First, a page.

I have long been a fan of Dan Barber, chef of New York’s pioneering farm-to-table restaurant Blue Hill. He has long been a champion of the local, organic food movement. But now he thinks it’s time for the movement to grow up. Read the article to gain an understanding of how our current food system came to be, and what we need to do to get it back on track.
The most meaningful paragraph in this article, for me is:
Now that summer has officially arrived, eating has become pretty simplistic (and delicious). I welcomed the morning with juicy blueberries & farm fresh eggs. My lunch consisted of cucumbers & heirloom tomatoes (courtesy of the Lynchburg Farmer’s Market) splashed with a little balsamic vinegar & olive oil. Most dinners include grilled summer squash and my favorite, sockeye salmon. The beauty of summer is that dinners are simply delicious, with the emphasis on simple. No need for fancy embellishments. Of course, all of this fresh, local food would not be possible without our fantastic farmer’s market. If you are not a regular customer of a market I urge you make a trip to your own local market (wherever that may be). I must admit my heart beats a little faster when I arrive at the Saturday morning Farmer’s market and take in the view of the produce paradise. Check out this recipe that features peaches & tomatoes, two summer market stars.
There is no doubt sensationalism sells, just check out the latest cover of Time Magazine. Unfortunately what does not sell is sound science and simple explanations of how to interpret this science. If you believe all the hype, one would think that eating butter (and other animal fats) to our heart desires would not lead to any ill consequences.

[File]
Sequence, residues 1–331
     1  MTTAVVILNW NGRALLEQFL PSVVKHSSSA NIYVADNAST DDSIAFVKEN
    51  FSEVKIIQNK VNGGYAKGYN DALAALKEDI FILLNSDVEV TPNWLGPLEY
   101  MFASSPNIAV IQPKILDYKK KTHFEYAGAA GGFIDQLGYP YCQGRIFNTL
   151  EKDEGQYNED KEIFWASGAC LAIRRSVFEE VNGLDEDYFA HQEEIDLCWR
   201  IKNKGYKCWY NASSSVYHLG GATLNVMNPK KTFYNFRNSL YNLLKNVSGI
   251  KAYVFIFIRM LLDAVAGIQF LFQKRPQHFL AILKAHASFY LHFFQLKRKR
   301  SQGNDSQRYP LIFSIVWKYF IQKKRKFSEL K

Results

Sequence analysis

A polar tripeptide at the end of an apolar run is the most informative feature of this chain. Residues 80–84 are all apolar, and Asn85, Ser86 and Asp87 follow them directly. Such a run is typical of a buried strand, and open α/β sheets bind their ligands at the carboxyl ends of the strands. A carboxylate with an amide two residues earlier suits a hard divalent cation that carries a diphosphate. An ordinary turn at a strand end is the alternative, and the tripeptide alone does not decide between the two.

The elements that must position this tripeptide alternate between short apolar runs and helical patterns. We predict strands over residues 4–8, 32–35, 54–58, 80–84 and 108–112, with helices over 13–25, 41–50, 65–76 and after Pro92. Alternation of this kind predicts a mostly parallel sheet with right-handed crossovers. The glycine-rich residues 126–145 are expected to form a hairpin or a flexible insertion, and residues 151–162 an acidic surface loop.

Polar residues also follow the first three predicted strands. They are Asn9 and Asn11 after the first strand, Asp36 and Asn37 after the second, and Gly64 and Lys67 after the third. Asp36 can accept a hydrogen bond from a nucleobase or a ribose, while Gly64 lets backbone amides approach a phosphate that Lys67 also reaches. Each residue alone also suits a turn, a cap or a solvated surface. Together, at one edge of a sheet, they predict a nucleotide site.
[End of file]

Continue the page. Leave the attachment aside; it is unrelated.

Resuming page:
However, there is little doubt that both fat & sugar contribute to obesity, which in turn are contributing to our epidemic of type 2 diabetes (hence heart disease). The solution to this problem has not changed, all things in moderation, which unfortunately is not a word that most Americans find exciting. What exactly is moderation? Moderation is “the avoidance of excess or extremes”, pretty simple stuff really.
It was the middle of winter when summer squash was only a dream, but when the ad from William Sonoma popped up in my Inbox I knew I was about to make a purchase. Although I am not a huge kitchen gadget junkie, there are certain items that I cannot live without (my Kitchen Aid Mixer & Vitamix to name a few). Although I knew I certainly couldn’t classify the Paderno spiralizer as a necessity, this blog sealed the deal for me and the spiralizer has become my newest kitchen gadget. I think this is the best way to avoid burn out with one of my favorite summer vegetables, after all variety is key.